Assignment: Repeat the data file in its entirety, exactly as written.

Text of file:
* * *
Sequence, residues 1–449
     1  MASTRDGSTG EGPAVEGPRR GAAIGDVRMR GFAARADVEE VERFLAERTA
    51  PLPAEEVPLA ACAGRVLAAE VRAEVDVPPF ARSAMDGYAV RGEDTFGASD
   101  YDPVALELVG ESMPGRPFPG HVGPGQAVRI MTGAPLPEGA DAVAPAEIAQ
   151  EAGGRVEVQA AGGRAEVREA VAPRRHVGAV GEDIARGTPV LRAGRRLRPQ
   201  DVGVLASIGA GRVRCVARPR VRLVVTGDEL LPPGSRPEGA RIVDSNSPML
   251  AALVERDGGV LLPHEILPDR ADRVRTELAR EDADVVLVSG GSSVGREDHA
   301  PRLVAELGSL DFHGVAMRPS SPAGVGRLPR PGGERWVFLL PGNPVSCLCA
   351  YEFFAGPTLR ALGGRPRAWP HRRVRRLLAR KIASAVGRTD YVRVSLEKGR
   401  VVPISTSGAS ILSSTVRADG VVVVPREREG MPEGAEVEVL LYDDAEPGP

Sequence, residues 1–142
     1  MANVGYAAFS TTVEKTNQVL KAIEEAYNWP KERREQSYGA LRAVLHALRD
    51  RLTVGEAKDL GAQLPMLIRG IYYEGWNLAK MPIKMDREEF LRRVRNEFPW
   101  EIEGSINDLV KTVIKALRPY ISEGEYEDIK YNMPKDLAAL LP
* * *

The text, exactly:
Sequence, residues 1–449
     1  MASTRDGSTG EGPAVEGPRR GAAIGDVRMR GFAARADVEE VERFLAERTA
    51  PLPAEEVPLA ACAGRVLAAE VRAEVDVPPF ARSAMDGYAV RGEDTFGASD
   101  YDPVALELVG ESMPGRPFPG HVGPGQAVRI MTGAPLPEGA DAVAPAEIAQ
   151  EAGGRVEVQA AGGRAEVREA VAPRRHVGAV GEDIARGTPV LRAGRRLRPQ
   201  DVGVLASIGA GRVRCVARPR VRLVVTGDEL LPPGSRPEGA RIVDSNSPML
   251  AALVERDGGV LLPHEILPDR ADRVRTELAR EDADVVLVSG GSSVGREDHA
   301  PRLVAELGSL DFHGVAMRPS SPAGVGRLPR PGGERWVFLL PGNPVSCLCA
   351  YEFFAGPTLR ALGGRPRAWP HRRVRRLLAR KIASAVGRTD YVRVSLEKGR
   401  VVPISTSGAS ILSSTVRADG VVVVPREREG MPEGAEVEVL LYDDAEPGP

Sequence, residues 1–142
     1  MANVGYAAFS TTVEKTNQVL KAIEEAYNWP KERREQSYGA LRAVLHALRD
    51  RLTVGEAKDL GAQLPMLIRG IYYEGWNLAK MPIKMDREEF LRRVRNEFPW
   101  EIEGSINDLV KTVIKALRPY ISEGEYEDIK YNMPKDLAAL LP